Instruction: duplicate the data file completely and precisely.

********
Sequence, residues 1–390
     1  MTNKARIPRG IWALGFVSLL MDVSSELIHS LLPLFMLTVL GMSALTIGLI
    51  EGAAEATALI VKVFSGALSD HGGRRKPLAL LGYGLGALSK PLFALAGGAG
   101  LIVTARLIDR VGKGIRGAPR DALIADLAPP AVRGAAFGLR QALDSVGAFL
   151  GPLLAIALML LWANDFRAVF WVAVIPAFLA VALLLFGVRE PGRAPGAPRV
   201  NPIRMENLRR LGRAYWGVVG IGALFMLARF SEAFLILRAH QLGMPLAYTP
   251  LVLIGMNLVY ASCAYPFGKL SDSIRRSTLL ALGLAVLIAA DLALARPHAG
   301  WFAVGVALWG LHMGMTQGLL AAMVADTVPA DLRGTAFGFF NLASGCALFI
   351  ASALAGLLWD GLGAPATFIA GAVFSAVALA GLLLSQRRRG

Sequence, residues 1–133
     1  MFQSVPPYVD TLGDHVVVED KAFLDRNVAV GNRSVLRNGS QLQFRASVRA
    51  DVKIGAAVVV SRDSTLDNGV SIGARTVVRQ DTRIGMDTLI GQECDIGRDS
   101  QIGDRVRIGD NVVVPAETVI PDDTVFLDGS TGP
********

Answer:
Sequence, residues 1–390
     1  MTNKARIPRG IWALGFVSLL MDVSSELIHS LLPLFMLTVL GMSALTIGLI
    51  EGAAEATALI VKVFSGALSD HGGRRKPLAL LGYGLGALSK PLFALAGGAG
   101  LIVTARLIDR VGKGIRGAPR DALIADLAPP AVRGAAFGLR QALDSVGAFL
   151  GPLLAIALML LWANDFRAVF WVAVIPAFLA VALLLFGVRE PGRAPGAPRV
   201  NPIRMENLRR LGRAYWGVVG IGALFMLARF SEAFLILRAH QLGMPLAYTP
   251  LVLIGMNLVY ASCAYPFGKL SDSIRRSTLL ALGLAVLIAA DLALARPHAG
   301  WFAVGVALWG LHMGMTQGLL AAMVADTVPA DLRGTAFGFF NLASGCALFI
   351  ASALAGLLWD GLGAPATFIA GAVFSAVALA GLLLSQRRRG

Sequence, residues 1–133
     1  MFQSVPPYVD TLGDHVVVED KAFLDRNVAV GNRSVLRNGS QLQFRASVRA
    51  DVKIGAAVVV SRDSTLDNGV SIGARTVVRQ DTRIGMDTLI GQECDIGRDS
   101  QIGDRVRIGD NVVVPAETVI PDDTVFLDGS TGP